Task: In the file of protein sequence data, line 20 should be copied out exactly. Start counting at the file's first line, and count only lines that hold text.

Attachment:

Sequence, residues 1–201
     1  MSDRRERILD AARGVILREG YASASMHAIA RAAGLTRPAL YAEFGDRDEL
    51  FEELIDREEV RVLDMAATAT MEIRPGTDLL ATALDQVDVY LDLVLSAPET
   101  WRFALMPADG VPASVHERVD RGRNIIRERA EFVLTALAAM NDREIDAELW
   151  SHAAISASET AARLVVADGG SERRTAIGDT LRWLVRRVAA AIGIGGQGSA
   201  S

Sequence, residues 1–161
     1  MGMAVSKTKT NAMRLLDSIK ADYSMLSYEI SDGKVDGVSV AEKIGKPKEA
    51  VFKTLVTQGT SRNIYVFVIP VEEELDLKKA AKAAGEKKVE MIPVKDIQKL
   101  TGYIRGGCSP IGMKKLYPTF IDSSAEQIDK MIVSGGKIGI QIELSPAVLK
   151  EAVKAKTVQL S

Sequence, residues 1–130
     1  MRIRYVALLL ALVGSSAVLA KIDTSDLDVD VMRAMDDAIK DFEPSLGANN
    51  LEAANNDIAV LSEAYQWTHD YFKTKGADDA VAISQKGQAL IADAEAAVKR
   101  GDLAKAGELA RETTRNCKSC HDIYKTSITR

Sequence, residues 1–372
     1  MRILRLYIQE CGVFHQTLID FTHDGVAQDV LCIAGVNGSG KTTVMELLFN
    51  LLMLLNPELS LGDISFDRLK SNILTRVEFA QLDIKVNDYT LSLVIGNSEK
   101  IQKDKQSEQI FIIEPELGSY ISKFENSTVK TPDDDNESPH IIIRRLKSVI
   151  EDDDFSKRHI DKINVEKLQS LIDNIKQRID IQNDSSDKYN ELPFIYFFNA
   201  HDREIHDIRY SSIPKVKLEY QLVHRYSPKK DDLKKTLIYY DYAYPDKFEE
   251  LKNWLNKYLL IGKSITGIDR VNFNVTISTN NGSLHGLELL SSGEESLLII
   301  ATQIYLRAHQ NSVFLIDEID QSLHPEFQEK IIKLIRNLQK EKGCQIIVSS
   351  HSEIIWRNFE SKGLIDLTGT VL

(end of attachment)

   151  EDDDFSKRHI DKINVEKLQS LIDNIKQRID IQNDSSDKYN ELPFIYFFNA